“Are you with the lawyers from Caras Arnen?” asked Geruil.

Eowyn did not hear his reply.

“As you can see,” said the landlord—and Eowyn heard him open a door—“the table is set, the wine is uncorked, and the food is waiting in the kitchen.”

“Good,” said the man.

Eowyn settled back in her chair.

“When I grow up,” said Melannen, tapping the table with his spoon, “do you think the outlaw prince will let me join his merry men?”

Eowyn laughed. “The outlaw prince is not real, nadithen,” she said. “The man was just making up stories to amuse you.”

“Here we are—my Lady—little sir,” said Geruil, placing two dishes of potage on the table.

“Thank you,” said Eowyn. “What do you say, nadithen?”

“Thank you, Master Geruil.”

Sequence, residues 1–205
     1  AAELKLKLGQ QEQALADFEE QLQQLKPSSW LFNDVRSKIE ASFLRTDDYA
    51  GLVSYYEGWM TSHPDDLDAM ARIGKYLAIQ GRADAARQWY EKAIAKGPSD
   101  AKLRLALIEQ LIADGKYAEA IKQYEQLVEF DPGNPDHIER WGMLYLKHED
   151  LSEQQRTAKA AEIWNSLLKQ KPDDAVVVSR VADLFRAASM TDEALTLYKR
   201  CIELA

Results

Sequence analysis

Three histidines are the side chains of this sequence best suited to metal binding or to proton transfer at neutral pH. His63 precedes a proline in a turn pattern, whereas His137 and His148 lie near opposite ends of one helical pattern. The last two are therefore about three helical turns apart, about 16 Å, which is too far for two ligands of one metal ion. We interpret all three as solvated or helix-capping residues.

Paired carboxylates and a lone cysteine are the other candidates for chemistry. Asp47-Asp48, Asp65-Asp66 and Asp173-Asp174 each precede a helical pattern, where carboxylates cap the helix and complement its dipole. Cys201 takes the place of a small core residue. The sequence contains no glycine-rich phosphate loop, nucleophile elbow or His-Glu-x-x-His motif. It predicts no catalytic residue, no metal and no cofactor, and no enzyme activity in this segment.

“You are most welcome—”

Landlord!” The young man called impatiently from the doorway of the dining chamber.

“Excuse me,” said Geruil. “Yes, what is it?”

Eowyn smiled at Melannen. “Eat up.”

The child dipped his spoon in the thick soup. “Do you think,” he said, “that Gwanur Legolas will be here soon?”

“Oh, I am sure he will.”

“There is no pipeweed,” said the young man.

“Pipeweed?” Geruil sounded surprised.

“You do have some?”

“A little. In the cellar.”

“Then, please, fetch it—they will be here any minute.”

Eowyn watched the flustered landlord disappear through a door behind the bar, and heard his footsteps descending a flight of wooden stairs.

Moments later, just as the young man had predicted, the important guests arrived—twelve elderly men, all richly but soberly dressed—and, with much obsequiousness—“Please, allow me to take your cloak, good sir,”—the stranger welcomed them, and showed them through to the dining chamber.